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Germany considers more restrictions due to COVID-19 while US advises against travel to country

U.S.A.Germany considers more restrictions due to COVID-19 while US...

A poster on the “2G” rule, which limits access to Christmas markets to only those who have been vaccinated or cured of the COVID-19 disease, in Cologne, Germany, on November 22, 2021. REUTERS / Thilo Schmuelgen

BERLIN, Nov 23 (Reuters) – Germany’s health minister on Tuesday called for more restrictions to stem a “dramatic” increase in coronavirus cases in his region, where the incidence rate reached a record, before which the United States had advised against travel to the country. ,

Germany’s incidence rate over the past seven days – the number of infected people per 100,000 residents in the past week – reached 399.8 on Tuesday, compared to 386.5 on Monday, according to the institute’s data. Robert Koch (RKI) for Infectious Diseases.

The German Health Minister, Jens Spahn, asked that attendance in public places be restricted to those who have been vaccinated or have recently recovered from COVID-19 and who, in addition, tested negative for the disease. This is the fourth wave of the virus in Germany in an attempt to stop it.

Spahn did not rule out the possibility of imposing a lockdown, although he said it would be decided from region to region. Some federal states, such as the worst-affected Saxony and Bavaria, are already taking measures such as canceling Christmas markets.

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“Not only is the situation dire, in some areas of Germany it is now more dramatic,” Spahn told German radio. “We have to move patients because intensive care units are full and it doesn’t only affect COVID-19 patients.”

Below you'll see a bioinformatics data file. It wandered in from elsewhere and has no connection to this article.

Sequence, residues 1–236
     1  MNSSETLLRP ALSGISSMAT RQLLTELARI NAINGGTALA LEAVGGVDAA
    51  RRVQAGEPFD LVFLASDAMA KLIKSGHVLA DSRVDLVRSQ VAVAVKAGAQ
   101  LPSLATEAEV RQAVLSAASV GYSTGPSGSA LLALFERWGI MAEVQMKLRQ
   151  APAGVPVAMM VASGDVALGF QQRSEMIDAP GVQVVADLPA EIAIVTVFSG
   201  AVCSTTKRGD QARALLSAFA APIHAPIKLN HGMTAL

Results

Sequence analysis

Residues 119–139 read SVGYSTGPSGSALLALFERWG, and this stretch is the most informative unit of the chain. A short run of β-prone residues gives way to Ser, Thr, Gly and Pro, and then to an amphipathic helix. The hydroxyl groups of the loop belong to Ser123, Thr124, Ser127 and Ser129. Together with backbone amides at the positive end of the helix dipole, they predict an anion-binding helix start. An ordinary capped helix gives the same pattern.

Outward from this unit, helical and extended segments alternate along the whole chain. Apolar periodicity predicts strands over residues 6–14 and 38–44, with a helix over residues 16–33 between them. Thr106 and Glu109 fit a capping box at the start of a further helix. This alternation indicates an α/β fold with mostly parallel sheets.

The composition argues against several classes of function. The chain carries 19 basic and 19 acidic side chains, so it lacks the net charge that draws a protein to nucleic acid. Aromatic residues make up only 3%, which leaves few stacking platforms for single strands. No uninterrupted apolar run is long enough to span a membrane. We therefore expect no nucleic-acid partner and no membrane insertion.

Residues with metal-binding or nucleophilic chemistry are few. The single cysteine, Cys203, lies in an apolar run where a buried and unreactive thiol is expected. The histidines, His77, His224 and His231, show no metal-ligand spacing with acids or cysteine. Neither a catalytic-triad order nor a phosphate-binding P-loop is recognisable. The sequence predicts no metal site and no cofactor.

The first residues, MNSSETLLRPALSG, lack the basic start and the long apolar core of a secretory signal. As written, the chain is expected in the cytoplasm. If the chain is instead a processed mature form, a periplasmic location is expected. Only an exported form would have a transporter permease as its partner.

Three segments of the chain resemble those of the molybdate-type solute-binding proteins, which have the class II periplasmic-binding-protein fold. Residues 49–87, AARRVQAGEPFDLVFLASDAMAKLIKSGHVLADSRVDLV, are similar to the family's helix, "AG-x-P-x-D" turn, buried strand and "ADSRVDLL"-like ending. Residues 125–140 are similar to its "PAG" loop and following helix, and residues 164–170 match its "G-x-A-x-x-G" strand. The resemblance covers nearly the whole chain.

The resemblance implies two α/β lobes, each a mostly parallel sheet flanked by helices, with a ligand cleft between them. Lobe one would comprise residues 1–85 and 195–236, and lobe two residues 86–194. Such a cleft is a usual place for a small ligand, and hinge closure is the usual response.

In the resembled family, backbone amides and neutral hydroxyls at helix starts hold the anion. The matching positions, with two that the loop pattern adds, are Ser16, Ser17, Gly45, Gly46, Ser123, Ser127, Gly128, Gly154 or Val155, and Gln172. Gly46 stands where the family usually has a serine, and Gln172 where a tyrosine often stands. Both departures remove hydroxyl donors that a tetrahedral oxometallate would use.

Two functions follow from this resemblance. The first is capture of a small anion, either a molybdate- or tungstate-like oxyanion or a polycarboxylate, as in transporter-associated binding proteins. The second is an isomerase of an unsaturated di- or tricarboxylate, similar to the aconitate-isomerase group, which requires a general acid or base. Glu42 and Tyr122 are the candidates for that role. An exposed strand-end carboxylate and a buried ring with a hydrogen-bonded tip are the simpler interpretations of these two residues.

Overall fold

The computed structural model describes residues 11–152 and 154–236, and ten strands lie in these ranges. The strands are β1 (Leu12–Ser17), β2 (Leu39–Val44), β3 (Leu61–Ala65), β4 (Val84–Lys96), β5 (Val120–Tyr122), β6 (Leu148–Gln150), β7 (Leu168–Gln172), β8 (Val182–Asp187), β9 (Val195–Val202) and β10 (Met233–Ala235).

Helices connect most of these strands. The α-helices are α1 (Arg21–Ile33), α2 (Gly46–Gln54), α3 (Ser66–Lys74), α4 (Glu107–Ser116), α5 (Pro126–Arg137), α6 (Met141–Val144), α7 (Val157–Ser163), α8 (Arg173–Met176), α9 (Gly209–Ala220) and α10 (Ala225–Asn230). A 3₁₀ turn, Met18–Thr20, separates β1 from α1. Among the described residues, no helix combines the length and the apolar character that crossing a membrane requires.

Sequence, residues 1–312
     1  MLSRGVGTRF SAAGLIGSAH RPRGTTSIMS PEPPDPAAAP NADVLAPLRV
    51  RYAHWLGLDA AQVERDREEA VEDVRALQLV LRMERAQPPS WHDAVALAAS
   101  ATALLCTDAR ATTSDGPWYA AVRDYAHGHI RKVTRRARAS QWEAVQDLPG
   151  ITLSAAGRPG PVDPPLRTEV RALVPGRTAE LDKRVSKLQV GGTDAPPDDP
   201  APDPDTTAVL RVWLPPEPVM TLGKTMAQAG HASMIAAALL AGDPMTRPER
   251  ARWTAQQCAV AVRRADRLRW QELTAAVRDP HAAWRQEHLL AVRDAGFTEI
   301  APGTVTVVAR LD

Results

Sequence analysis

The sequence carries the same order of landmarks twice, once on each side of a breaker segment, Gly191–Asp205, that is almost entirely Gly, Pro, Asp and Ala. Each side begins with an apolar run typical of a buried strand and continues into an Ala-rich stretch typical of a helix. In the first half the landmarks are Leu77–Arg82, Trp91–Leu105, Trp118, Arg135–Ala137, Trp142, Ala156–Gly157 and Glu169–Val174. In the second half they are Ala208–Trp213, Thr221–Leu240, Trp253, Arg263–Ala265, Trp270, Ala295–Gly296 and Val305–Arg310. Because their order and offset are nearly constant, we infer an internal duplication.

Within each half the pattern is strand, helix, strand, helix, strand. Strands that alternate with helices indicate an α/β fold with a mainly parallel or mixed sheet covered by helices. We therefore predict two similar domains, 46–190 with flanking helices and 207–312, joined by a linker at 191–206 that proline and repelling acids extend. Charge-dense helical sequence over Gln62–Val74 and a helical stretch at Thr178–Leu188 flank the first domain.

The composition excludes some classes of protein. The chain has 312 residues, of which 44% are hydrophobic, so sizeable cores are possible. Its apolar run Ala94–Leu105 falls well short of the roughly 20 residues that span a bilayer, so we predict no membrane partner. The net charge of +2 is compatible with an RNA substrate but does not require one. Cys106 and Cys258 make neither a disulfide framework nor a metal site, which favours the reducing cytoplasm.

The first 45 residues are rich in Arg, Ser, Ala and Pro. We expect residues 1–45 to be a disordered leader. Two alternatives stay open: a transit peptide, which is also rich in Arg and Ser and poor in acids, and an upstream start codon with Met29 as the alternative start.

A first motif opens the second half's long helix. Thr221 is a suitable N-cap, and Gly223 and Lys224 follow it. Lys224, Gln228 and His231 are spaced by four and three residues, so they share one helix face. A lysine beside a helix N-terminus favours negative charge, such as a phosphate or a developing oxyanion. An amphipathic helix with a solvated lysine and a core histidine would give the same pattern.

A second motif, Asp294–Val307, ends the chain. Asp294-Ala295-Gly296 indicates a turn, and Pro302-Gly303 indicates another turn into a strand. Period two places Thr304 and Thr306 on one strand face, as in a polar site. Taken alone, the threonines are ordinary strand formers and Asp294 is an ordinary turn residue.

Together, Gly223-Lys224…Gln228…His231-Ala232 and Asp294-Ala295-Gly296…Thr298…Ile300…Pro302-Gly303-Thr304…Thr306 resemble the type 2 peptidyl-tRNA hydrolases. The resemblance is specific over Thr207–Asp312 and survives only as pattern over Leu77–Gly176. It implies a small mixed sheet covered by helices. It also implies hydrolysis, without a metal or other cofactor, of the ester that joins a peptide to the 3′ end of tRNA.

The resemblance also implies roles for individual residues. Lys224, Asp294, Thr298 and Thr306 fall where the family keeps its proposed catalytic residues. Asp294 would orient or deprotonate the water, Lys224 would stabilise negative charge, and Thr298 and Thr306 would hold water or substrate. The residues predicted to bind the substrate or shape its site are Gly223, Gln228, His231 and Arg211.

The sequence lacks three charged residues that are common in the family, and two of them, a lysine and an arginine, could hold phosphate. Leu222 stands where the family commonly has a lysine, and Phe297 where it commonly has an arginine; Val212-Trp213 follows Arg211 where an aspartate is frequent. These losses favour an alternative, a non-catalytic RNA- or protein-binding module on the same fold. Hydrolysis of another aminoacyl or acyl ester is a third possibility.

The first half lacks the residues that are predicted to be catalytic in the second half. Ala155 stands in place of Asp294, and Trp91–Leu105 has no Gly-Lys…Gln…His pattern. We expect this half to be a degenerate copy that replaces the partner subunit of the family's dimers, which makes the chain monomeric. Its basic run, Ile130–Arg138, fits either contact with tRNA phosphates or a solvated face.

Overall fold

Faced with Germany’s concern over the supply of the Biontech/Pfizer vaccine, the company pushed the delivery of one million doses initially scheduled for December, Spahn informed those responsible for the health ministry on Monday, according to two official sources. did.

This will allow 3 million doses to be delivered next week instead of 2 million, at a time when the population is struggling to receive booster doses before appointments at vaccination centers are sold out.

Sources said it is yet to be decided whether this will affect the total number of vaccines allocated to Germany for the rest of the year.

Rising cases in Germany and neighboring Denmark prompted the US Centers for Disease Control and Prevention (CDC) on Monday to advise against travel to both countries, raising its travel recommendation to “level four: very high”.

(Reporting by Andreas Rinke, Riham Alkhausa and Sarah Marsh; Editing by Raisa Kasolowski; Translated by Jose Muoz in Gdask Newsroom)

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